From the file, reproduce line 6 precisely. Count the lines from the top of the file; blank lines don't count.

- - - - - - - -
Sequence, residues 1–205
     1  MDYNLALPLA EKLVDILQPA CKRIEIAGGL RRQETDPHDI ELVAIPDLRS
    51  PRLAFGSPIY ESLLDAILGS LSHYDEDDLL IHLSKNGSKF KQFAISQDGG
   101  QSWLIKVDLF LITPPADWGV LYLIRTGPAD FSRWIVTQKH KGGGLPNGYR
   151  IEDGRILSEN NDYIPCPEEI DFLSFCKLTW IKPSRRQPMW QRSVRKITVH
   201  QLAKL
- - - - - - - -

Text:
   201  QLAKL